Left Hand Valley Courier - All Local, All The Time

By Jesse Murphy

Troop 161 honors fallen scout


February 9, 2017

Courtesy Photo David Louwers with his four sisters at the Rocky Mountain Youth Camp.

Late last year, Boy Scout Troop 161 held their last Court of Honor for the fall. This year’s event had a room full of heavy hearts.

David Louwers, a member of the troop who was tragically killed in a plane crash last June, was posthumously given the rank of Eagle Scout.

His parents — Robert and Christina Louwers — were in attendance as David’s name was added to the plaque with the other names of the troop’s Eagle Scouts over the years.

He was also given the Spirit of the Eagle Award, which is bestowed as a posthumous recognition of a registered scout who has lost his life in an accident. David is the only Scout in Troop 161 to have passed away as a young man.

“That fall Court of Honor is where he would have otherwise received his Eagle Scout rank,” Robert said.

David was the middle of five children, with two older and two younger sisters.

He stood over 6’3” and was “still growing,” wore a size 16 shoe, and would have had his 18th birthday coming up on February 19.

David was also close to getting his pilot’s license. He was logging hours doing surveying work when the plane he was riding crashed about a mile from the runway in Creede. Two others, the pilot Jere Ferrill and Mykhayl Sutton, also perished in the crash.

David’s memory was not lost on his troop. After his flight, he was slated to head to camp to help out as a mentor to younger scouts.

Bill O’Donnell was David’s scoutmaster for several years, and had worked with him on various projects, in camps and other troop functions.

“He was an active and engaged leader in the troop,” O’Donnell said. “I don’t  know what else to say other than that David was a great kid. He was always willing to help.”

That attitude showed outside of scouts.

“He always saw the positive side of life,” Christina said. “He was able to bring people up when they were down. At the funeral, there were several stories, but there were a few girls at the school who weren’t in the ‘popular’ crowd. They used to sit with David during an open period, they’d draw each other’s faces.

“That was just David. He would help anybody. He particularly was good at lifting people up who weren’t in the ‘popular’ group, but he also had many friends who were, he kind of crossed those lines. He never saw any flaws in people, he just saw the person.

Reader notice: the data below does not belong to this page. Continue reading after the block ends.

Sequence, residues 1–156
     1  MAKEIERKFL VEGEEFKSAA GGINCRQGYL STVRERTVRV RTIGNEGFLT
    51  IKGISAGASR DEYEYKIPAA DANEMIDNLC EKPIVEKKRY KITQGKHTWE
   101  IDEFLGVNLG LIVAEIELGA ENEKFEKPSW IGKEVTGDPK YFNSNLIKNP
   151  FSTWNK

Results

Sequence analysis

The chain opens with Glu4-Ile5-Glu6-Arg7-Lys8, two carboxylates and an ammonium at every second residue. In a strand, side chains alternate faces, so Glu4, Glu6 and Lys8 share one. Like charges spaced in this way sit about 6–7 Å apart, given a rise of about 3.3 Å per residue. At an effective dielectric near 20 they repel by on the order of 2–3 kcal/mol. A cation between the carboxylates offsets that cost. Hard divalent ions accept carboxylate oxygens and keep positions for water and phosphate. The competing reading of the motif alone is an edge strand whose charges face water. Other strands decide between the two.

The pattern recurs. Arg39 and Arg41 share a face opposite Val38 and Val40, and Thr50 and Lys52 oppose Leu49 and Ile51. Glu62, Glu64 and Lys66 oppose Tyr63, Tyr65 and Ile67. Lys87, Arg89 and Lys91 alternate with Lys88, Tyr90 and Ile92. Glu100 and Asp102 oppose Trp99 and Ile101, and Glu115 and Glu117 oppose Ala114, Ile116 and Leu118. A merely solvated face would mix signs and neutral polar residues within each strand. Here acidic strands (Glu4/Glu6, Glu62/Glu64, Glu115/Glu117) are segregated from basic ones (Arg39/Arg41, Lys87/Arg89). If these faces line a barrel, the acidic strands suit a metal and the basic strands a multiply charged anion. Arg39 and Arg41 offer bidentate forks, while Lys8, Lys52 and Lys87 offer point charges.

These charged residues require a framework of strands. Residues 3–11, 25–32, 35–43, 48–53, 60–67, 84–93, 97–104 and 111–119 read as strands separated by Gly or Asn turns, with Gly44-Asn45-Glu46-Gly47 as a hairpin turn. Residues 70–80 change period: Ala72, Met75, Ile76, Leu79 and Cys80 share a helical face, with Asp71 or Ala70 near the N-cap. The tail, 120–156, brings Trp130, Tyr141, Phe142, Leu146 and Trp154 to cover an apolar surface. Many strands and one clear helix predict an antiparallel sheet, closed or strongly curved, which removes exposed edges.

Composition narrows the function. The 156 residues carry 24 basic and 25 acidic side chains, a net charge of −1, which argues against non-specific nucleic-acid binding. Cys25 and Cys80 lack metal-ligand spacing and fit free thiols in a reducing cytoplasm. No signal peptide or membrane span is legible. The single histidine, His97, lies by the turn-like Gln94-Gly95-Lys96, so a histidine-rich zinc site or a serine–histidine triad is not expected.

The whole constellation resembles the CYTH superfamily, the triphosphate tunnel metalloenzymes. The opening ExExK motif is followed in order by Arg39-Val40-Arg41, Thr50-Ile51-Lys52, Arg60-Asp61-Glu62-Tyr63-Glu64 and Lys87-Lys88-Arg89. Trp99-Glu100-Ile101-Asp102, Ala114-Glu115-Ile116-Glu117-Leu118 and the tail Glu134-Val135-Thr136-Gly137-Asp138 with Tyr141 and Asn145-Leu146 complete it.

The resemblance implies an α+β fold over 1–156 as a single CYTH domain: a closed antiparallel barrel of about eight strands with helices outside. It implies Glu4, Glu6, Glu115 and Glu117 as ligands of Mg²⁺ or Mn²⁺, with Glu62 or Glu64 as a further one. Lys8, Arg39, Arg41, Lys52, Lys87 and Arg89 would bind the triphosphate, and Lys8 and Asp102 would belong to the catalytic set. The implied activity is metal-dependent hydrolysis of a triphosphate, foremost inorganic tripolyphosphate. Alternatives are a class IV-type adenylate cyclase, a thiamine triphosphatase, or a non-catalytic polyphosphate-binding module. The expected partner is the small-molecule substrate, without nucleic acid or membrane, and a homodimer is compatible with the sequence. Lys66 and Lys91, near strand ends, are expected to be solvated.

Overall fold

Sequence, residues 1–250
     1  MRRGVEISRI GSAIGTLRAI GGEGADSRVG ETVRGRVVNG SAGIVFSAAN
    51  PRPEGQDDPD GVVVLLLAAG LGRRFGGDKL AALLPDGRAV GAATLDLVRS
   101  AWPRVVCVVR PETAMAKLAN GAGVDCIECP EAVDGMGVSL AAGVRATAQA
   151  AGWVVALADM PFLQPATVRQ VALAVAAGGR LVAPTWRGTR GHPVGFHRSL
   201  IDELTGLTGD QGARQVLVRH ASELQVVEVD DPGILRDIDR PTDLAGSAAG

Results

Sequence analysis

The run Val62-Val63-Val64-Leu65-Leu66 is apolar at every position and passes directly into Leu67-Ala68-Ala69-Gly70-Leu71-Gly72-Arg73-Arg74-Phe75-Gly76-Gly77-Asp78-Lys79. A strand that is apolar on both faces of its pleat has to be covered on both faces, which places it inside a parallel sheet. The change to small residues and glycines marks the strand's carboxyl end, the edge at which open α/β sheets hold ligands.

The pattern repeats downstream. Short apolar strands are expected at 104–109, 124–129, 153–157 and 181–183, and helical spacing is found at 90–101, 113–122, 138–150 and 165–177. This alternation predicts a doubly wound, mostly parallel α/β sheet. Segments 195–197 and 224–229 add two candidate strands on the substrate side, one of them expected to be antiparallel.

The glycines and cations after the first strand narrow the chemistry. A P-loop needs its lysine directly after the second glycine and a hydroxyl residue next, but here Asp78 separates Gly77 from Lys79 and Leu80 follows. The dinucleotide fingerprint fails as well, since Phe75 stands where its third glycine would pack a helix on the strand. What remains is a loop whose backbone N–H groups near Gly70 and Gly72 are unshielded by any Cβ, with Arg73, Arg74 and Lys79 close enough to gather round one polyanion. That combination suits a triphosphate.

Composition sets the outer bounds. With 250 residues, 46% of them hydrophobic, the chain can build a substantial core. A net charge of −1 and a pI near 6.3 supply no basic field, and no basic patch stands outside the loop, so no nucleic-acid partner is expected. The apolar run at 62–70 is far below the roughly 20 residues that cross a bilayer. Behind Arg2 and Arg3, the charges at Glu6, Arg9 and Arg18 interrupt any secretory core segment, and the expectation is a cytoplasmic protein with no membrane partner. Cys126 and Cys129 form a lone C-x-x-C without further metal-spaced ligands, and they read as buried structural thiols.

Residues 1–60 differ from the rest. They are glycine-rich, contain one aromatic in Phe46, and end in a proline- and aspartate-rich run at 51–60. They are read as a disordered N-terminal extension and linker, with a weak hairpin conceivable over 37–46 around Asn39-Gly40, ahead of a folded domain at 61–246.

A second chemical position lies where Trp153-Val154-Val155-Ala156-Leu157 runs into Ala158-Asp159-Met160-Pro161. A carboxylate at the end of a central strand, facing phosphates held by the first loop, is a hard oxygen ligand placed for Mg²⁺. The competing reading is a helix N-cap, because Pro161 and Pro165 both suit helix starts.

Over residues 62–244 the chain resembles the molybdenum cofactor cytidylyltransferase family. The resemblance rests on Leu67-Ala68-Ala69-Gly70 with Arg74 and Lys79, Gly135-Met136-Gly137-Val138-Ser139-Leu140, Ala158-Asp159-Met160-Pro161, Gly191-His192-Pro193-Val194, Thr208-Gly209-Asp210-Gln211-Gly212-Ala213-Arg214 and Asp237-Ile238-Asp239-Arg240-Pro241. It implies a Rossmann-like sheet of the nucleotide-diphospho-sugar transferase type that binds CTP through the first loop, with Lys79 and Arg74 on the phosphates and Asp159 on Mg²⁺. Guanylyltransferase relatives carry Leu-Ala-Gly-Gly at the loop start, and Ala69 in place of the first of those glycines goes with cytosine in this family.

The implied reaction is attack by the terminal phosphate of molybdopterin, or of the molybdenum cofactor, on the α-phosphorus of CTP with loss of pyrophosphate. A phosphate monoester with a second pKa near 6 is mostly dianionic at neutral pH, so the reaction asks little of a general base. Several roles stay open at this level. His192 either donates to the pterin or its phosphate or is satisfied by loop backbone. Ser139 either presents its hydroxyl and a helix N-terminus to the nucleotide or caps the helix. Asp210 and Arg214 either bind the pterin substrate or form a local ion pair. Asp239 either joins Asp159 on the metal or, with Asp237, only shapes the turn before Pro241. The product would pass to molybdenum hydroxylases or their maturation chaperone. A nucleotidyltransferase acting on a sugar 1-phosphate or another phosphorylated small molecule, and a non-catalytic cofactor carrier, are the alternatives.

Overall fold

“I met a lady who said that David was the only one who treated her son as a normal person. He was able to treat people well, he saw their souls and their heart. He wasn’t one for the outside of a person.”

Outside of Scouts, David played football at Niwot High School after transferring from Twin Peaks Charter Academy, he was an altar boy at St. Luke Orthodox Church in Erie. He was active in all, including taking time to be a friend.

“David was exceptionally outgoing,” Robert said. “He had a lot of friends, he was very kind. For example, the football team was asked to go read to kids at the elementary school. He and one other player volunteered.”

At the camp David would have attended, an antique knife that the troop gives to Eagle Scouts was stuck into a piece of wood that sat by the fire throughout the week. It was presented to Robert and Christina at the Court of Honor.

“Many of his colleagues in the Troop went to camp on the day of his funeral,” Robert said. “But they all came to the service the day before in uniform."

As for the ritual at camp, Robert said that these were the reason he was passionate about Scouts.

“David looked forward to stuff like that, and they did it at the ceremony," Robert said. "It was moving. It’s just really something that is special.”

The family and the troop were happy to honor David, but his loss will always have an impact.

Courtesy Photo David with his mother Christina before his first solo flight on the way to getting his pilot's license.

“It’s pretty hard,” Christina said. “It’s harder than right at the beginning when you’re in shock and sort of numb to it all I still can’t believe it.”

“Christmas was a difficult time,” Robert added.

David’s friends visit and leave notes at his grave site, which helps comfort the family.

“We’re thankful for his friends,” Christina said. “It really helps seeing them and talking to them.

“David was bigger than life. There isn’t anyone out there who wouldn’t agree with that. He was bigger than life.”


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